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Right now is a lucrative time to be a banker. Profits at US banks rose almost 20% in 2012, to a post financial-crisis high of $141.3 billion*. The securities industry, while still unable to match its record-setting 2009 profits, is also doing well, earning $23.9 billion last year, up from $7.7 billion in 2011.
Despite America’s persistently high unemployment and tepid growth, its financial employees are doing well. New York State’s Comptroller Thomas DiNapoli, in his annual report on the state’s financial industry, reports that securities firms increased cash bonuses 8% to $20 billion in this bonus cycle. As the WSJ's Brett Philbin notes, that’s down 42% from the lofty levels of 2006 -- but it still comes to more than $122,000 per banker. What’s more, the comptroller's annual estimate is conservative: it fails to capture many types of deferred pay. For instance, $6.3 million of Citigroup CEO Michael Corbat’s $11.5 million 2012 pay is deferred.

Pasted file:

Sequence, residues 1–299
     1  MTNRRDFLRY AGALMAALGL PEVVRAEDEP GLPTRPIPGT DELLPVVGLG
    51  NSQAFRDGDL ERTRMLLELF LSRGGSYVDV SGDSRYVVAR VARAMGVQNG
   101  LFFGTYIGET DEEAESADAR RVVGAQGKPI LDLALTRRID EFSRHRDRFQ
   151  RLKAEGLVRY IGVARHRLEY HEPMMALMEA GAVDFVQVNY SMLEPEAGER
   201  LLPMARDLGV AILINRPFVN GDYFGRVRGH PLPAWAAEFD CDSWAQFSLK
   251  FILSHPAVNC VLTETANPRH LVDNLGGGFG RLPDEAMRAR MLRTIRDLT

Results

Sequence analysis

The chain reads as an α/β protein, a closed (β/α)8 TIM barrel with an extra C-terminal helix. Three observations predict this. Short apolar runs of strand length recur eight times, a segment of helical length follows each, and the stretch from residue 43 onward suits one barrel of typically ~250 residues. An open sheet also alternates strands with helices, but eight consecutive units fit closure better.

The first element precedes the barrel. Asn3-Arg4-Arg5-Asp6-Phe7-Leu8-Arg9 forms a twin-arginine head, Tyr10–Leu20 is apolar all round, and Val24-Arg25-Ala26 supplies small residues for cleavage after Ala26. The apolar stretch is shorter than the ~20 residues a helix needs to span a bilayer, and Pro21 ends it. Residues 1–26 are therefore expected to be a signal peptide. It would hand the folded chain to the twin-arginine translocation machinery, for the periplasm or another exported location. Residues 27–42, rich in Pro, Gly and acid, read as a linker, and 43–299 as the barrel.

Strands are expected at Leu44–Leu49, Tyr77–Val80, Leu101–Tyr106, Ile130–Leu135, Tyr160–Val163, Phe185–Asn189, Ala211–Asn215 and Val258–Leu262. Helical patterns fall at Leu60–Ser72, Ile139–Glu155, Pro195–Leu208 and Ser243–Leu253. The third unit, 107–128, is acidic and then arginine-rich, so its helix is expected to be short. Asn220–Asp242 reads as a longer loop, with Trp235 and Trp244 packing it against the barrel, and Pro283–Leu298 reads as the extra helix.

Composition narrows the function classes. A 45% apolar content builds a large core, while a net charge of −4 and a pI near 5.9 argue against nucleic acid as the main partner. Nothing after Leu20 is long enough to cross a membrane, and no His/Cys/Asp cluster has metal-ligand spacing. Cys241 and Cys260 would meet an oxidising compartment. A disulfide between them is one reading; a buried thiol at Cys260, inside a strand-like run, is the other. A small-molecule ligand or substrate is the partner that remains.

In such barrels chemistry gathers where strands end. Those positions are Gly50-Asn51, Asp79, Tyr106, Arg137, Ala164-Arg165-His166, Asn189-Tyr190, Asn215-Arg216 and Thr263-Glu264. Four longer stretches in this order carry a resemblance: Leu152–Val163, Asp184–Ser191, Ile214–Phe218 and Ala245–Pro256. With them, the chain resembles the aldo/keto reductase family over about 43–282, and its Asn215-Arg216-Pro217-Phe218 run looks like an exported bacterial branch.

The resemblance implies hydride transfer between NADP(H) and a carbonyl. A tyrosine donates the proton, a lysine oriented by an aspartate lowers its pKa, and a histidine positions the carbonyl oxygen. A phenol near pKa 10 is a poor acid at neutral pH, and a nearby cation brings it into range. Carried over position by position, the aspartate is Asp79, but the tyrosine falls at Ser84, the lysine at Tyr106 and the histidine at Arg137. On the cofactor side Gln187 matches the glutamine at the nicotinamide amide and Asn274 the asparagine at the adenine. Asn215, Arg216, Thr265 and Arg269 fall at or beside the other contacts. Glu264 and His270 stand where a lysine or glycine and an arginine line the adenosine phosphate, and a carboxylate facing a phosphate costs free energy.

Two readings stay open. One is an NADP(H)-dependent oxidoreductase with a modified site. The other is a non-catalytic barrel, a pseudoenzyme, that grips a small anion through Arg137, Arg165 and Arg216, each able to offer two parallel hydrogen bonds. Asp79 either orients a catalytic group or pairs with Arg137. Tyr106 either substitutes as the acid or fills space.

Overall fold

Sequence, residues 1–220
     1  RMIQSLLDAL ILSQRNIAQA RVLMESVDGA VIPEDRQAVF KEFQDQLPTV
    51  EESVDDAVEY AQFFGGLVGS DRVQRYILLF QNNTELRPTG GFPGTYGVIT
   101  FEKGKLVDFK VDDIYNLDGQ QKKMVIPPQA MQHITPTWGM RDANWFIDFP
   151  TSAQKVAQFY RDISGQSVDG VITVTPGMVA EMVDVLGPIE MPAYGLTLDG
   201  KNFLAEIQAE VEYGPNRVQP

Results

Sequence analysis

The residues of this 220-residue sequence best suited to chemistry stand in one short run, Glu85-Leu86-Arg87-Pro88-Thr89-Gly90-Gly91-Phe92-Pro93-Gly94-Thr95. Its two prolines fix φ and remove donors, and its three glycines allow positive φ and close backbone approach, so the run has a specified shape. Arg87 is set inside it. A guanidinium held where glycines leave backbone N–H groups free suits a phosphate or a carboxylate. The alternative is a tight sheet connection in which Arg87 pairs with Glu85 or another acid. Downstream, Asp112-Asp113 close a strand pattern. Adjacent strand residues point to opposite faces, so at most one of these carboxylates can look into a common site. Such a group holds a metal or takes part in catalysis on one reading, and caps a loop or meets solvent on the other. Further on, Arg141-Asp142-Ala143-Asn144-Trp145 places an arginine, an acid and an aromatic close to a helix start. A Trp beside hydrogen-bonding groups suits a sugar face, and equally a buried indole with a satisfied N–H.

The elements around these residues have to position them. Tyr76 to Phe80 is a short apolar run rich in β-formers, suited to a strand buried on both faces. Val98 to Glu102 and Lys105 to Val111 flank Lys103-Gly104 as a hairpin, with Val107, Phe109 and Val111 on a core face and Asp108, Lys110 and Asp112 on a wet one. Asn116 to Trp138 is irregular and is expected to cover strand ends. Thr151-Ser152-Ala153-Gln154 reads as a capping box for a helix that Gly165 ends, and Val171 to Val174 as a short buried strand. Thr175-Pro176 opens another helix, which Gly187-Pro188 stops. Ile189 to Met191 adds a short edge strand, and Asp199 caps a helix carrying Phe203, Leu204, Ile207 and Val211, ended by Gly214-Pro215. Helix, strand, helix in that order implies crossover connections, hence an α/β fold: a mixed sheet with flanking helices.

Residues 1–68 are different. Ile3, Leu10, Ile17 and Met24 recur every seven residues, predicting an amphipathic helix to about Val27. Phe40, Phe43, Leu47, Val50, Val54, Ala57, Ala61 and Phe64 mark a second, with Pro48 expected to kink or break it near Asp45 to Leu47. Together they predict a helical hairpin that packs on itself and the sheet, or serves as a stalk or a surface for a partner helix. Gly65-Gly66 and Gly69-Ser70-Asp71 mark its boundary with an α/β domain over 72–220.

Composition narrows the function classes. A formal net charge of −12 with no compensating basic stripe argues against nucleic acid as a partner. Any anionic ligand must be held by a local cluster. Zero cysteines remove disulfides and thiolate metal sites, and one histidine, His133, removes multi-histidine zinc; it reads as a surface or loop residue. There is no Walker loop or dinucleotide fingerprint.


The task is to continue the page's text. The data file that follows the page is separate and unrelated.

Not only have America’s bankers had a good year, they've had an excellent two decades. As the Atlantic Wire's Philip Bump points out, the "last time bankers took home bonuses that were less than the median household income was 1991".
All is only well, as Susanne Craig points out, if you’re still employed. The financial industry continues to cut jobs: Goldman Sachs will go slightly beyond its annual routine of firing the bottom 5% of its workforce, and JP Morgan announced today that it will cut 19,000 jobs, primarily in its mortgage arm and its retail Chase branches. Those employees' jobs and pay levels tend to be more Duluth than Darien. -- Ben Walsh